Writers and Editors
While building this website and considering topics that stick in my mind, I found one of them was the impact of the editors I’ve encountered. I appreciate that this is a broad term, a beta reader, copyeditor, editor, and all of these different things have their own distinctions, and an ‘editor’ has all kinds of different duties, titles, and responsibilities. But to keep it simple and in keeping with my amateur understanding, editors are professionals that I have found myself appreciating more and more these past few months.
Combing through an entire novel, website, individual poem and compendium for grammar, linguistic checks, and evaluation of the flow of the work are the bread and butter of many editors. That work we may be so attached to that we find it hard to disconnect, that business project or paper we absolutely need to be perfect has a whole profession dedicated to being safety nets. I learned that not only is it possible, but something like 6000 words content a day edited, clean, as something for one client of a catalogue is ‘workmanlike’.
Simply put, they have pretty much universal value for at least anything written. Their services are worth paying for if interested; and if your talents lie there, then there is money to be made providing that kind of service. Not exactly a drought of words right now spanning the internet. But while this is very useful, what interested me more is how valuable editors are for information. Freely. Rather than the brusqueness you might get with a lot of fellow writers, trying to be sold some scheme, or being tangled in a lot of technicals, editors offer a lot of support without that sterile atmosphere or wasting time. Part of their job is rooted in an open, honest ability to question. Could you really even ask your teacher a question if you feel stupid? Most of the feedback you get, even in reports and at work; how accurate is it really?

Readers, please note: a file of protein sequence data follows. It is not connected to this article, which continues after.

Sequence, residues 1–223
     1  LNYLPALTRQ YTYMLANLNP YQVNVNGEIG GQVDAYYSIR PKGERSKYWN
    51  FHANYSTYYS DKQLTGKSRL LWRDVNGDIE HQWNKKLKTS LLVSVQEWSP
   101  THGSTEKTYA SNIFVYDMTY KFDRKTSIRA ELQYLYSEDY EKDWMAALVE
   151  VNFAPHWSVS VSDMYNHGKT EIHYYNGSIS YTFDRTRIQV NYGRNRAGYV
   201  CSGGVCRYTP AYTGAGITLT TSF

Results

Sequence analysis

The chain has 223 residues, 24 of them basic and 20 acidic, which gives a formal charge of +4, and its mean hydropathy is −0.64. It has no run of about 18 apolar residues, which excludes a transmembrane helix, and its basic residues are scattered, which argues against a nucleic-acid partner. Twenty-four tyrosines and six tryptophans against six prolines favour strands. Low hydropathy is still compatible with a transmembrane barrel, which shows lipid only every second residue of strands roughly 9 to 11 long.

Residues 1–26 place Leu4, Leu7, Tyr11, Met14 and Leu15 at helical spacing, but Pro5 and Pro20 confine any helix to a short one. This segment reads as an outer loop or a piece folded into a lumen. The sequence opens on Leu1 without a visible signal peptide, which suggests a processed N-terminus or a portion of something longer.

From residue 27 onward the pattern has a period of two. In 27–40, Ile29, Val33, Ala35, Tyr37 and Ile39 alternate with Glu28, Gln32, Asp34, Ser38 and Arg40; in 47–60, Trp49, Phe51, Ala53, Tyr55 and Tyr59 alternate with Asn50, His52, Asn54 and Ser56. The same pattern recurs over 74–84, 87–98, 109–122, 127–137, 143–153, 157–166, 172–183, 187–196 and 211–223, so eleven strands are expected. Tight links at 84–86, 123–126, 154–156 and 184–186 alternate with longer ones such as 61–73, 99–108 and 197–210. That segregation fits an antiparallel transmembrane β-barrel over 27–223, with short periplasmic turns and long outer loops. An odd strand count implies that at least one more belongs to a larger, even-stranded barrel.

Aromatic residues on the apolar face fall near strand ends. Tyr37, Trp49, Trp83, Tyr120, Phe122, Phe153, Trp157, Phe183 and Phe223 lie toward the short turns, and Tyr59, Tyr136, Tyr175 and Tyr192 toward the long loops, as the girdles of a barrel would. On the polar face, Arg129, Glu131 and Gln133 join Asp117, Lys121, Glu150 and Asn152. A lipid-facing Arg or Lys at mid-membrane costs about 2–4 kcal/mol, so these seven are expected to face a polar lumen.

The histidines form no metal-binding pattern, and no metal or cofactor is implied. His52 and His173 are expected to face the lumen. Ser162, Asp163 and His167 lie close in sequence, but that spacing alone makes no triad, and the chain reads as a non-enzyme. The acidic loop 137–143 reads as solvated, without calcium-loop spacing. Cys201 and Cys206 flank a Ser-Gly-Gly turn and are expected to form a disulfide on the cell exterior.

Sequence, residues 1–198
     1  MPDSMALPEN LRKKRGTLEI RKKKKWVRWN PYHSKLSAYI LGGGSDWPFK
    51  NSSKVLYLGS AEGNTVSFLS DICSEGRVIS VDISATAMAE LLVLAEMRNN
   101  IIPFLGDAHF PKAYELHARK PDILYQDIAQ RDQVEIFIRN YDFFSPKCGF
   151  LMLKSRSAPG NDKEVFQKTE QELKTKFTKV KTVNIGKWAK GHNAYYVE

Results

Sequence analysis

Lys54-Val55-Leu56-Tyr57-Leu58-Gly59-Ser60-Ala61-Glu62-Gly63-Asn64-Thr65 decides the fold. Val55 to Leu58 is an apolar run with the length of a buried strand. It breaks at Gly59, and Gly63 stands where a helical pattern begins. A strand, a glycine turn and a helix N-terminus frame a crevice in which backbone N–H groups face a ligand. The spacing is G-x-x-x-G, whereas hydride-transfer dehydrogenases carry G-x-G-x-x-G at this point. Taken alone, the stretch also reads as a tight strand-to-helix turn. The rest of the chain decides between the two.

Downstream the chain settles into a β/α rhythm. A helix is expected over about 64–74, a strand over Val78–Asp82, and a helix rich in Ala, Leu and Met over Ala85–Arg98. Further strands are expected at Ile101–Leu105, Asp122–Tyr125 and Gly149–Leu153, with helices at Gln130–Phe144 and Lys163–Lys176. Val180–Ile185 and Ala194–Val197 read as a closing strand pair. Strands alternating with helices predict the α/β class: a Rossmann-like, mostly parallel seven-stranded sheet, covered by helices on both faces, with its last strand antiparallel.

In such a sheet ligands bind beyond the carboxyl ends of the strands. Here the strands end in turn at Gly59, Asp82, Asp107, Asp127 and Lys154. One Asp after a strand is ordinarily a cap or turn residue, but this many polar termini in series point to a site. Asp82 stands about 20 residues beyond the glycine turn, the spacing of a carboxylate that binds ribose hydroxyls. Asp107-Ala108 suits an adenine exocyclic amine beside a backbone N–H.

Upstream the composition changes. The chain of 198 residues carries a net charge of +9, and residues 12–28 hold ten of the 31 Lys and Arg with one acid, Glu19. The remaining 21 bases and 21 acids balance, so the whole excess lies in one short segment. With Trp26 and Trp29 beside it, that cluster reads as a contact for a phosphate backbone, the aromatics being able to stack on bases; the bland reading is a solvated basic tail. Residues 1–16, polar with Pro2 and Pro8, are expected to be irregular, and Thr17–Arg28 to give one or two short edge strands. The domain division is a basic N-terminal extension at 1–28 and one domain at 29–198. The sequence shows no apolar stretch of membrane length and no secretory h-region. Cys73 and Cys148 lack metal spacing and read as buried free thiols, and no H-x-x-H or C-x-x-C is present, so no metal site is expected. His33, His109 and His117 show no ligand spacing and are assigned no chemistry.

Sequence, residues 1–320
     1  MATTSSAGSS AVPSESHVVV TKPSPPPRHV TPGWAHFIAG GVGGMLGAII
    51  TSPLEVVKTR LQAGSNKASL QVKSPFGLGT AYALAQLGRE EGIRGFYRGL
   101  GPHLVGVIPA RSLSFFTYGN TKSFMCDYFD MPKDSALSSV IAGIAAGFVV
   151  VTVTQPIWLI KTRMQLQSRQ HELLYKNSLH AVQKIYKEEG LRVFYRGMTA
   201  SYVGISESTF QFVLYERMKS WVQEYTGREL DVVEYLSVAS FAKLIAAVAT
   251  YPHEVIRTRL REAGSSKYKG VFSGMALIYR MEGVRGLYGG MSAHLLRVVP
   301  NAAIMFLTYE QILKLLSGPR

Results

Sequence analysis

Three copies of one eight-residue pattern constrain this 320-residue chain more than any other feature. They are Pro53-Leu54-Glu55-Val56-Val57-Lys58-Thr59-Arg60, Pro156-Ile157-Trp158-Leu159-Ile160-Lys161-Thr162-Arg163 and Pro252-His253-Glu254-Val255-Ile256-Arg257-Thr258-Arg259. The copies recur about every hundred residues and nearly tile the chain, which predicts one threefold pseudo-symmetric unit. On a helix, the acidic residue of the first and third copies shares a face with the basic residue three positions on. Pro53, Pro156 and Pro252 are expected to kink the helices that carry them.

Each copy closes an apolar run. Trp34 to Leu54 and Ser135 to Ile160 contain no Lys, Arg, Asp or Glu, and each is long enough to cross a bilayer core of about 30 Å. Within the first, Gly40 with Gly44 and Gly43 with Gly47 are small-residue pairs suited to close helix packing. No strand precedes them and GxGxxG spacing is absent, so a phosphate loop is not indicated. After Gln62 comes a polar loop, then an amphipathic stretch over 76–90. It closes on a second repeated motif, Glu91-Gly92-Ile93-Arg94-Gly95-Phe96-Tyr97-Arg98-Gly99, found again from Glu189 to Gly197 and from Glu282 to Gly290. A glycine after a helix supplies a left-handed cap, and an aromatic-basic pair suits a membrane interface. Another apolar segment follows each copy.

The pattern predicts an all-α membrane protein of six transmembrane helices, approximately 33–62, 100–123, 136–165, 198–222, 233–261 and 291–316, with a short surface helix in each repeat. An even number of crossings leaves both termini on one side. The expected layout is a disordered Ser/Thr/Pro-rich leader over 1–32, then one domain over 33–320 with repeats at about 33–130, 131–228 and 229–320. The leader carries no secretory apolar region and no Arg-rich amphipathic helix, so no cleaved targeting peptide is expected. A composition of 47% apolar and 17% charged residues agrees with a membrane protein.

In a place where employment is uncertain, these individuals share my doubts but possess an entirely different mindset. Where I have heard tides of negativity, I have known one editor shift their entire career, build a website and do so while caring for their own family. Another will just sweep over literally anything you can send, offer you constructive feedback, and not a shred of negativity. Being reminded that I am not one of the bigger fish, that my academic credentials and experiences are dwarfed in many ways by these people is a spur, a handhold for me to reach out and learn solutions and find shared understanding, rather than simply guess, or be at the whim of a given group’s assumptions.
I’m not saying this from a place of sponsorship whatsoever, but from practicality and my own self-interest. These fields were something years of school and university neglected to mention in any capacity, and I would rather share this now due to knowing the worth of it.